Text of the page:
BlueAnt BlueSonic review: BlueAnt BlueSonic

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The Good The BlueSonic offers a small footprint and an unassuming design that should appeal to a wide range of users; can be paired with up to eight devices, including cell phones, PCs, and MP3 players (separate adapter required); easy to use.

The Bad The BlueSonic suffers from poor speakerphone call quality and offers only average music sound quality.

The Bottom Line Listen to music and calls wirelessly with the flexible BlueSonic portable speaker system; just don't expect great sound quality.

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6.3 Overall
  • Design 7
  • Features 7
  • Performance 5

BlueAnt--whose name is a clever composite of Bluetooth and antenna--has been producing Bluetooth products in its homeland of Australia for three years, and in that relatively short time the company has become the largest supplier of Bluetooth accessories in Australia and New Zealand. At CES this year, BlueAnt began its expansion into the U.S. market with four products, including the BlueSonic Bluetooth Portable Speakers ($149.99). Going by the BlueAnt Wireless X3 micro headset alone, we can see why this company has been so successful overseas. The BlueSonic also appears to be a decent stab at a portable wireless speaker set, though performance issues hinder the fun.

We're hard-pressed to find anything not to like about the BlueSonic speakers' design. It's just lovely--everything from the small footprint (7.5 by 3.2 by 1.5 inches) to the tiny blue ant graphic above the control panel is appealing yet unassuming. The speakers come in a simple matte black finish with two grilles flanking the silver control panel where you'll find volume controls, call and play/pause buttons, and track shuttle keys. A minor gripe here is that the button to lower volume is a bit stiff. The backside of the BlueSonic houses the line-in and mic-in ports, a DC jack, and a power switch. This is also where you'll find our favorite design extra: a pair of surprisingly strong magnets that allow you to stick the speakers to your fridge, filing cabinet, or other suitable metal object (cool!). We are a little bummed that no travel case was included, though.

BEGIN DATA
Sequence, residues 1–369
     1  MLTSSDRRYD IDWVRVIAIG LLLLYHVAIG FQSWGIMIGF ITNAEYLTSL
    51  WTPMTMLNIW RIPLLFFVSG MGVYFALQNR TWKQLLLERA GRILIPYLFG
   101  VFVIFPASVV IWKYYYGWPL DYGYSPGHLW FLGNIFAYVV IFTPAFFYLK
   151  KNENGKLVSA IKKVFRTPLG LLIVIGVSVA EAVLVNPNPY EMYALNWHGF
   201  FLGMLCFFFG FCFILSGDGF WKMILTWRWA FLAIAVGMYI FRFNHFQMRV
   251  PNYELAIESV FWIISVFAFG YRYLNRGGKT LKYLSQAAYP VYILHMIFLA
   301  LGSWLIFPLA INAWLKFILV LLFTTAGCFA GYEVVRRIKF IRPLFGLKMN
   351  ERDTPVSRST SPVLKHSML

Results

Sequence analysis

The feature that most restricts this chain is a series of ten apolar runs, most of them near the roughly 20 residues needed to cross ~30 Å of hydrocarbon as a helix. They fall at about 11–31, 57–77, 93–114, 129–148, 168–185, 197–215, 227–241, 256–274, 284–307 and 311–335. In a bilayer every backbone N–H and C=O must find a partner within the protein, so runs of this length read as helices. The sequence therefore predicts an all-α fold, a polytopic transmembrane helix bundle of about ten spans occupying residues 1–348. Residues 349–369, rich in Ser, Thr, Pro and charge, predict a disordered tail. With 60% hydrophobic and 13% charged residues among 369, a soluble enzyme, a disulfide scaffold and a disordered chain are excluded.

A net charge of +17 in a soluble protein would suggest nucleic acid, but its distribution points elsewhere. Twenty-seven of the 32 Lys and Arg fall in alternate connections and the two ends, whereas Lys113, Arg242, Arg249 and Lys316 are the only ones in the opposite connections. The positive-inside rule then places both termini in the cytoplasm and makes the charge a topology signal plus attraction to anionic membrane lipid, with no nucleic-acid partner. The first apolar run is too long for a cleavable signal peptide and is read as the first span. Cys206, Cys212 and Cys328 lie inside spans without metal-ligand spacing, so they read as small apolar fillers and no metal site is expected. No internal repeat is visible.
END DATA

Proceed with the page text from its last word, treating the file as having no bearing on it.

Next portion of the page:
The BlueSonic speakers use the Advanced Audio Distribution Profile (A2DP) for Bluetooth transmissions, meaning they're capable of receiving dual-channel audio: sound in stereo. Of course, this is necessary if you're going to be listening to music--who wants to rock out in mono? If you have one of a handful of cell phones that is A2DP compliant, you can simply pair your handset with the BlueSonic speakers by following the normal steps under the Bluetooth settings on your phone. (Be aware that some devices have separate selections for mono and stereo Bluetooth; you'll want to turn on the stereo mode for these speakers.) Better yet, BlueAnt does not overlook the fact that cell phones are made for talking; the BlueSonic has a built-in mic, so it can function as a speakerphone as well.

The included Bluetooth USB adapter lets you stream music wirelessly from your PC.

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